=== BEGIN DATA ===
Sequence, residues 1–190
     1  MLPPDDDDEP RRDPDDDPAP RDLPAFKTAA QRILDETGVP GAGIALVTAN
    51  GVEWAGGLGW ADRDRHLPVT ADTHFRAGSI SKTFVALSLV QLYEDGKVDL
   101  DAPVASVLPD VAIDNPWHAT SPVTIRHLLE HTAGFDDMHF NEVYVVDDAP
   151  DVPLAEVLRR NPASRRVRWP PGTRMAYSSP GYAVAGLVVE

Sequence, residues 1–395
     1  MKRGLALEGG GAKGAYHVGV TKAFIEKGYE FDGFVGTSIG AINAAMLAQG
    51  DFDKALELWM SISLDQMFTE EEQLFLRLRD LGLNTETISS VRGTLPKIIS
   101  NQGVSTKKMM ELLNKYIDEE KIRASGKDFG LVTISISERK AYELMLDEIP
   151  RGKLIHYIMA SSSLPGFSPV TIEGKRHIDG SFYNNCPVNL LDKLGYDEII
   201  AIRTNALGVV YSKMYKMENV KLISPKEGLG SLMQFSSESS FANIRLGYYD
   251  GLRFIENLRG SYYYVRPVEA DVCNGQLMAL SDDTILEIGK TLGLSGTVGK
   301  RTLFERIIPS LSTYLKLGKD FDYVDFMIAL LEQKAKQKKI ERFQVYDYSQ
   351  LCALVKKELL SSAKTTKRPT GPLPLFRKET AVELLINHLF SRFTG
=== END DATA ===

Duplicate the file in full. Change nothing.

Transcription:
Sequence, residues 1–190
     1  MLPPDDDDEP RRDPDDDPAP RDLPAFKTAA QRILDETGVP GAGIALVTAN
    51  GVEWAGGLGW ADRDRHLPVT ADTHFRAGSI SKTFVALSLV QLYEDGKVDL
   101  DAPVASVLPD VAIDNPWHAT SPVTIRHLLE HTAGFDDMHF NEVYVVDDAP
   151  DVPLAEVLRR NPASRRVRWP PGTRMAYSSP GYAVAGLVVE

Sequence, residues 1–395
     1  MKRGLALEGG GAKGAYHVGV TKAFIEKGYE FDGFVGTSIG AINAAMLAQG
    51  DFDKALELWM SISLDQMFTE EEQLFLRLRD LGLNTETISS VRGTLPKIIS
   101  NQGVSTKKMM ELLNKYIDEE KIRASGKDFG LVTISISERK AYELMLDEIP
   151  RGKLIHYIMA SSSLPGFSPV TIEGKRHIDG SFYNNCPVNL LDKLGYDEII
   201  AIRTNALGVV YSKMYKMENV KLISPKEGLG SLMQFSSESS FANIRLGYYD
   251  GLRFIENLRG SYYYVRPVEA DVCNGQLMAL SDDTILEIGK TLGLSGTVGK
   301  RTLFERIIPS LSTYLKLGKD FDYVDFMIAL LEQKAKQKKI ERFQVYDYSQ
   351  LCALVKKELL SSAKTTKRPT GPLPLFRKET AVELLINHLF SRFTG